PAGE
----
Grains biosecurity officers (GBOs) are at the forefront of protecting Australia’s $19.1 billion grains industry by helping growers manage biosecurity risks at a farm and industry level.
This valuable work is a core part of the Grains Farm Biosecurity Program, which seeks to enhance the management of and readiness for biosecurity hazards in the grains industry at the farm and industry levels.
Working closely with growers and others in the grain supply chain, specialist biosecurity officers operate in each of the five grain growing regions in New South Wales, Queensland, Victoria, South Australia and Western Australia and provide grain growers with the latest biosecurity tools, resources and advice. The GBOs work with grain growers and share simple ways they can reduce the risks posed by pests, diseases and weeds on their farms.
According to Stuart Kearns, Plant Health Australia’s national manager for preparedness and research, development and extension, it can be challenging – if not a little daunting – for growers to know where to begin.
“That’s a major driver for why we established the Grains Farm Biosecurity Program with Grain Producers Australia (GPA) and why the Biosecurity manual for grain producers was produced,” Mr Kearns says.
GPA and Plant Health Australia (PHA), in partnership with the NSW, Queensland, South Australian, Victorian and Western Australian governments, are continuing to deliver the program that has been a cornerstone of the industry since 2007.
“It’s not expected that changes will happen overnight. Instead, it’s about starting the process and continuing with it, using a biosecurity self-assessment checklist and clearly explaining your strategy to staff, contractors, family and visitors to make sure your farm is in the best-possible position in the event of an emergency,” Mr Kearns says.
Many people believe that biosecurity is simply concerned with preventing pests from entering Australia, as depicted on television shows such as Border Security, but growers have the most influence when it comes to keeping out diseases, pests and weeds and this starts at the farm gate.
“Determining potential risks and understanding how to manage them effectively can save time and money for grain growers.”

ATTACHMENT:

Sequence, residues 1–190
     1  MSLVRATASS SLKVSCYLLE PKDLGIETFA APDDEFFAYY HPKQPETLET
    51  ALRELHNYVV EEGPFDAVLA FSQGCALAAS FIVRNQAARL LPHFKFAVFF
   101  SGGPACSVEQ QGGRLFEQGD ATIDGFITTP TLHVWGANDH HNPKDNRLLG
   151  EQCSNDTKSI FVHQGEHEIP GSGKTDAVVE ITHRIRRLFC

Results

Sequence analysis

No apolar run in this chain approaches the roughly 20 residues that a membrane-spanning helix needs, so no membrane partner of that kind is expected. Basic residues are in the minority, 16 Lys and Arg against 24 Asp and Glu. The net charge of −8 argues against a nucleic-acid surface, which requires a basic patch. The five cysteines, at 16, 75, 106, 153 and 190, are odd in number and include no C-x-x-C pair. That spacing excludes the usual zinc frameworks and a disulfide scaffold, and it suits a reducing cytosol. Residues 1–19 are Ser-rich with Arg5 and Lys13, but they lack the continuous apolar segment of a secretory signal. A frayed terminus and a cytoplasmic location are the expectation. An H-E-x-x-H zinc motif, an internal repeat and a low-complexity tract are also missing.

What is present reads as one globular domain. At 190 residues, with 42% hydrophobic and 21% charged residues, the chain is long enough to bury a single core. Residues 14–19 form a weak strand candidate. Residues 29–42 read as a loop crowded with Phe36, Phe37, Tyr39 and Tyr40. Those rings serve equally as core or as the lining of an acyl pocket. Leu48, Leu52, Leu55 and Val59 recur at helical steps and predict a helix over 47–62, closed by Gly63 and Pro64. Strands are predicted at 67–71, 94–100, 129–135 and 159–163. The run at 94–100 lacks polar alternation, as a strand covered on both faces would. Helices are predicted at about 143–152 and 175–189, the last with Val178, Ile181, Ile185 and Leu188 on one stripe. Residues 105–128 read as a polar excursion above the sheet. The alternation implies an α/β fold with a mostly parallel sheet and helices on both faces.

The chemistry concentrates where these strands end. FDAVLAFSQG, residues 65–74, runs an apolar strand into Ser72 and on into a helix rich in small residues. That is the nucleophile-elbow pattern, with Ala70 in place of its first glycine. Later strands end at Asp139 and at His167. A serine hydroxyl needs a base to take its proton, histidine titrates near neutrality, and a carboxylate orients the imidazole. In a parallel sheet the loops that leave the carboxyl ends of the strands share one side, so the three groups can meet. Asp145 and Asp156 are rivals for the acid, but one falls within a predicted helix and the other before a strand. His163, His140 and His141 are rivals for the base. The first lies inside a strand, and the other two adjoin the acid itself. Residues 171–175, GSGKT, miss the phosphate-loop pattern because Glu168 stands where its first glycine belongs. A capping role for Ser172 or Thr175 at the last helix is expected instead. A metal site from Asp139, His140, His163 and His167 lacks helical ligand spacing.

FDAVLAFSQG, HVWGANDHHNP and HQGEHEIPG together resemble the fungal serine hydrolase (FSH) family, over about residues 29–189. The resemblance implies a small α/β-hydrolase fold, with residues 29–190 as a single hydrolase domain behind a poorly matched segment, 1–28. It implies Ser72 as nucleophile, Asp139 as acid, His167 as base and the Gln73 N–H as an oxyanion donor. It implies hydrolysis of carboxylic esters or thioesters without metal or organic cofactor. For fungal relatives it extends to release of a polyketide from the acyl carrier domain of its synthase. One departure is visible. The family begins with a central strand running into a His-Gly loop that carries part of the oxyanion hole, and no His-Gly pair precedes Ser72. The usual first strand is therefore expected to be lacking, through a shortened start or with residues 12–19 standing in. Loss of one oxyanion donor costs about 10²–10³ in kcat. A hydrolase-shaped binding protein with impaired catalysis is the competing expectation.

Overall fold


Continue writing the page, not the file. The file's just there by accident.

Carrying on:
One such risk is bringing in unwanted weeds via seed or grains. This risk can be significantly decreased by either purchasing certified seed or doing business with reputable suppliers.
“A ‘come clean, go clean’ approach is important in reducing the risk of weeds, pests and diseases being accidentally introduced and spread by visitors such as spraying or harvesting contractors and their vehicles.”
A basic wash-down (or blow-down) area can be used to reduce the risk from spraying or harvesting equipment, and designated parking areas can be easily inspected to help ensure no new weeds are introduced and allowed to spread undetected. Pests, diseases and weeds can enter a farm and be spread by vehicles and equipment.
Maintaining farm hygiene
Maintaining equipment hygiene and ensuring all vehicles that visit a property are clean and well-maintained is important. Other measures can be added over time and integrated into the operation, allowing for a gradual and continuous improvement in farm protection.
“Growers have invested too much time, money and effort into their enterprises and their industry to not effectively address biosecurity risks.”
The Grains Farm Biosecurity Program has launched an online hub of industry-specific biosecurity resources and tools. Designed with growers in mind, the easy-to-use website provides fact sheets, videos, how-to guides, online training and strategies to help growers manage on-farm biosecurity risks.
More information: Grains biosecurity website.